The implicit promise of the 2020 campaign of Obama’s former vice president was a return to the happy before-time of the pre-Trump era. Vox compared Biden’s launch to Warren G. Harding’s “Return to Normalcy” campaign in 1920, which was essentially a referendum on Woodrow Wilson’s League of Nations plan. Harding promised “not heroics, but healing . . . not surgery, but serenity,” and won the White House. Biden used similar language, preaching “unity” and chiding candidates who believed winning required being “angrier,” a seeming reference to both Trump and Sanders.

By voting in yet another ex-senator with a pro-Iraq, pro-NAFTA vote, the party is essentially turning the clock back not to 2012 or 2008, but more like 2004. Biden ran not so much on a return to normalcy but a return to pre-Obama norms and an end to fist-shaking rhetoric. But the party’s poor down-ballot performance in 2020 already has the Pelosi wing blaming progressives and tempering expectations.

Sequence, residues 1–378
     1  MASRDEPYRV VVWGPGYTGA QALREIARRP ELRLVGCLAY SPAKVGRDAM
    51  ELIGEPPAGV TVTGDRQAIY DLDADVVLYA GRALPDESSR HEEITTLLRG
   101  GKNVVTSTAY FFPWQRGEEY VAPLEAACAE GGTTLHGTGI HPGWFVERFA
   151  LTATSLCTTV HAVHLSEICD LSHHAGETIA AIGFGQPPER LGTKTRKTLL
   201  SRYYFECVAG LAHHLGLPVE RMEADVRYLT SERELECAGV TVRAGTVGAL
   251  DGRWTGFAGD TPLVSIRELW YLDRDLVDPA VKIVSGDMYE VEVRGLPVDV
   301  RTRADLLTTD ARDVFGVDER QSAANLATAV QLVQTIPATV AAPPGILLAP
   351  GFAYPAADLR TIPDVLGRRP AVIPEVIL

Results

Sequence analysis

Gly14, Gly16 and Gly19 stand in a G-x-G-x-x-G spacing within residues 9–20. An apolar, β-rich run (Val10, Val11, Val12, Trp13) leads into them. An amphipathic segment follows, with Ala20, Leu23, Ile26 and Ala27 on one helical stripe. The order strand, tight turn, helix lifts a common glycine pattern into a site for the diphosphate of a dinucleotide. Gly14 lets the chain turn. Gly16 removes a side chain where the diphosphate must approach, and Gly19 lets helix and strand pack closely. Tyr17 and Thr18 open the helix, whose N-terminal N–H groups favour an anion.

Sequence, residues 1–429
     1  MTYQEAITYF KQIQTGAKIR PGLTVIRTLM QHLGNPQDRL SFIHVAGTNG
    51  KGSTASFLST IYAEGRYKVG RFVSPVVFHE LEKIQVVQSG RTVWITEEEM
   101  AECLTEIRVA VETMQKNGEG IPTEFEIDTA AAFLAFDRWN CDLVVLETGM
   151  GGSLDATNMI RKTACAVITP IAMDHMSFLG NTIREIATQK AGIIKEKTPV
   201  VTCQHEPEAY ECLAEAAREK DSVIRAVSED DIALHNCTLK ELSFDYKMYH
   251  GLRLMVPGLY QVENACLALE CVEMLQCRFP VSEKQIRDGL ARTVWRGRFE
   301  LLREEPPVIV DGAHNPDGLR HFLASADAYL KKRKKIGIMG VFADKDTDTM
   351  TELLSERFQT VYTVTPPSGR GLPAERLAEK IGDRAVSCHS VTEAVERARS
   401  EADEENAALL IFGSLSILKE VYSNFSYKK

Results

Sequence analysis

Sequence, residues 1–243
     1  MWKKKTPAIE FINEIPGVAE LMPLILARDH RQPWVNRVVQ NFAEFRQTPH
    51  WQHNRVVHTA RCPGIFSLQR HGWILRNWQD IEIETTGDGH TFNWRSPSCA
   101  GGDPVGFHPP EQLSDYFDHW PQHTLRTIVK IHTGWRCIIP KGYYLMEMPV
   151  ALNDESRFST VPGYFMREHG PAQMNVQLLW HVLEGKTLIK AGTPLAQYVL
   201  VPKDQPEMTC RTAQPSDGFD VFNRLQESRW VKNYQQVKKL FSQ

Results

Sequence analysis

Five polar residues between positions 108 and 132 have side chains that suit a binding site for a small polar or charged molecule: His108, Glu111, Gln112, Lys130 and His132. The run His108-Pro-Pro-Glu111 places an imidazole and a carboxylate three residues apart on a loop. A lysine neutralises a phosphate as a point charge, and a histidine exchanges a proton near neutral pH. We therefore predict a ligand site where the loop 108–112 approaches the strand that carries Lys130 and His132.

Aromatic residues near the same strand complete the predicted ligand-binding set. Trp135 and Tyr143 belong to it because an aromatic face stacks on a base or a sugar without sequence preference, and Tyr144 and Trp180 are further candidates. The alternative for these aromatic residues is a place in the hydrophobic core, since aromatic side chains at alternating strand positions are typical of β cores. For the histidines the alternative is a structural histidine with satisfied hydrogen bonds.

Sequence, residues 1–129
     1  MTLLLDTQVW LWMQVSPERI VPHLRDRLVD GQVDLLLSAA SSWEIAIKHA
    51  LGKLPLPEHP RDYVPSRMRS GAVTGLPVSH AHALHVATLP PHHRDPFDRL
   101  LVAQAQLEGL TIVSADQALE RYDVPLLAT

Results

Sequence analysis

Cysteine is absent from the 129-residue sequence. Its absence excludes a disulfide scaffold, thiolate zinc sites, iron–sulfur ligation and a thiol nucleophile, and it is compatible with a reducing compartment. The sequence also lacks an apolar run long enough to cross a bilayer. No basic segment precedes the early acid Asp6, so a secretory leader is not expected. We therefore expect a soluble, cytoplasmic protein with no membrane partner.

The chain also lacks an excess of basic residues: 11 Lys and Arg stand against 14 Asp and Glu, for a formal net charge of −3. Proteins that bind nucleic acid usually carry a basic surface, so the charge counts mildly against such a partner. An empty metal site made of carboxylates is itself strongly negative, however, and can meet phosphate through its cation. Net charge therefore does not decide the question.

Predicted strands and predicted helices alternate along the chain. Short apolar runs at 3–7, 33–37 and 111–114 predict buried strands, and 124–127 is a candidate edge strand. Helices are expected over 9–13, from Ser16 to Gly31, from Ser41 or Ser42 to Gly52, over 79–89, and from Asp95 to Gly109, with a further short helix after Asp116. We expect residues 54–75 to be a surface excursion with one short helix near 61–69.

A return to norms had tremendous appeal so long as Hurricane Trump was in office. But Biden inherits a country besotted with severe structural and economic problems, a country whose Democratic base overwhelmingly supports changes like debt forgiveness and Medicare for All, and whose rural and suburban population was angry enough to elect Donald Trump once, almost twice. If the Democrats don’t remember how much failing to deliver real change cost them before, if they don’t soon find an identity more ambitious than not being Trump, they will find themselves right back where they were four years ago — vulnerable to revolts on both sides.